A DECADE ago, the government proposed legislation on the seemingly minor issue of plastic bags. The intention was ostensibly to reduce plastic bag pollution. The idea caught public attention and there was a somewhat predictable argument. In the end, some measures got legislated and it was, in some ways, a valuable learning experience on the pros and cons of government intervention.
At the time, the problem was that supermarkets were in the habit of absorbing the cost of plastic bags, which meant there was an incentive to overuse the facility. The result was both environmentally and aesthetically unacceptable.
Generally speaking, intervening to force supermarkets to sell rather than give away plastic bags was a good idea. Giving them a monetary value created an incentive to reuse bags, and a potential market for recycled plastic.
But that is where it all went wrong. Instead of a simple intervention, the government tried something more complex. First, it slapped a tax on plastic bags, and justified it on the basis that the revenue would be used to fund recycling. The Times reports that it now appears this was attempted but there was — inevitably it seems these days — corruption involved. Hence the Department of Environmental Affairs abandoned the recycling effort about two years ago.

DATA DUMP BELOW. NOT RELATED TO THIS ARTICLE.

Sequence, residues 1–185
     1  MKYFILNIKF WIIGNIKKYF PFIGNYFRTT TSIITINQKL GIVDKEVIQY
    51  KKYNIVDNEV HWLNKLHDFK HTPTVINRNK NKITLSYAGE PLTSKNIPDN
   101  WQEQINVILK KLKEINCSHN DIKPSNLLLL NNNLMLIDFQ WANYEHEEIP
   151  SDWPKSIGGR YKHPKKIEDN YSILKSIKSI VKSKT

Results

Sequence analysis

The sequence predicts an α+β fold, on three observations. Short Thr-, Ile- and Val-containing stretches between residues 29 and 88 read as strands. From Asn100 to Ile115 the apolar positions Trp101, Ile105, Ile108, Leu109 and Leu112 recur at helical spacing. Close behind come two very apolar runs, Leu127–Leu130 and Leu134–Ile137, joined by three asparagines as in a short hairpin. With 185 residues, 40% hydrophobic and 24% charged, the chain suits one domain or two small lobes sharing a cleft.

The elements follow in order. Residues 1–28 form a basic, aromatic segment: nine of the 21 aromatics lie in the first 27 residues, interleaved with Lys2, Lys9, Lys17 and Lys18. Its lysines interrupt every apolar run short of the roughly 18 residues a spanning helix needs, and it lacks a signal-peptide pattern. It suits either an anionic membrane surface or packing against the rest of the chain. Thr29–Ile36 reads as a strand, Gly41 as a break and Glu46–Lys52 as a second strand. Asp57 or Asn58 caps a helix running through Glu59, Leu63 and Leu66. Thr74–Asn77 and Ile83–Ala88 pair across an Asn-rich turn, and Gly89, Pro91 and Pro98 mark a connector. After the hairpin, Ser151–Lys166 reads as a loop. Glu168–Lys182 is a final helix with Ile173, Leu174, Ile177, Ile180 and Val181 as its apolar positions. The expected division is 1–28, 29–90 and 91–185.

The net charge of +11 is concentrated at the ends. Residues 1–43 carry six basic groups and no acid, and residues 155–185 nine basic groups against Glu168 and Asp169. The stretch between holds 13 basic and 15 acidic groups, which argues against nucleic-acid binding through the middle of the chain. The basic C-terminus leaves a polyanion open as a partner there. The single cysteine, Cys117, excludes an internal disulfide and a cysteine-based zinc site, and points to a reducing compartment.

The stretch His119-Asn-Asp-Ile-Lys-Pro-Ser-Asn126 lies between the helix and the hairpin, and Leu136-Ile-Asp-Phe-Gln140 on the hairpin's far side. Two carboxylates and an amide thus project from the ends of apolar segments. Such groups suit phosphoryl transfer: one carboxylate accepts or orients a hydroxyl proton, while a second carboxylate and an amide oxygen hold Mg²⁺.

Yet this did not mean the end of the tax, which costs shoppers about R200m a year. Money that was justified on the basis that it would be used to build recycling plants, now disappears into that black hole called the general fiscus.
There are all kinds of problems here. Why, for example, were we not told that the recycling effort had failed? Presumably, this was swept under the carpet because the department did not want to acknowledge it gave the job to corrupt people. Alternatively, when the people who took on the job started siphoning off cash, the department did not monitor the situation properly. If there was corruption, did it report the issue to the police, and was anyone arrested? We don’t know, but it does not seem so.
The issue may seem trivial, but it is typical of government over-reach. Politicians justify new taxes by promising to spend the money in a way that has public support, but that only lasts as long as the attention span of the public.